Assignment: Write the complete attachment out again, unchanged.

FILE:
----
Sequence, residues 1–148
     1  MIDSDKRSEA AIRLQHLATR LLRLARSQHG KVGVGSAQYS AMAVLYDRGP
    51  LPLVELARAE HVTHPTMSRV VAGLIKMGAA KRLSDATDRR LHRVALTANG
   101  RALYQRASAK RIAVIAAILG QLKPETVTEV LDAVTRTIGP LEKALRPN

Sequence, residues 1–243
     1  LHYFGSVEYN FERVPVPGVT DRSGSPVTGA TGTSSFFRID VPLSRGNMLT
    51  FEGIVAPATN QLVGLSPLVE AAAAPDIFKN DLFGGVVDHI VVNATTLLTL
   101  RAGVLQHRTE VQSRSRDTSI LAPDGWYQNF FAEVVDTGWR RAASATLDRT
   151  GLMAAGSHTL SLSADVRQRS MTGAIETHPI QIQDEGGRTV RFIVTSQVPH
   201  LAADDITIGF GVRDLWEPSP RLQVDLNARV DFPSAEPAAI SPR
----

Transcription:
Sequence, residues 1–148
     1  MIDSDKRSEA AIRLQHLATR LLRLARSQHG KVGVGSAQYS AMAVLYDRGP
    51  LPLVELARAE HVTHPTMSRV VAGLIKMGAA KRLSDATDRR LHRVALTANG
   101  RALYQRASAK RIAVIAAILG QLKPETVTEV LDAVTRTIGP LEKALRPN

Sequence, residues 1–243
     1  LHYFGSVEYN FERVPVPGVT DRSGSPVTGA TGTSSFFRID VPLSRGNMLT
    51  FEGIVAPATN QLVGLSPLVE AAAAPDIFKN DLFGGVVDHI VVNATTLLTL
   101  RAGVLQHRTE VQSRSRDTSI LAPDGWYQNF FAEVVDTGWR RAASATLDRT
   151  GLMAAGSHTL SLSADVRQRS MTGAIETHPI QIQDEGGRTV RFIVTSQVPH
   201  LAADDITIGF GVRDLWEPSP RLQVDLNARV DFPSAEPAAI SPR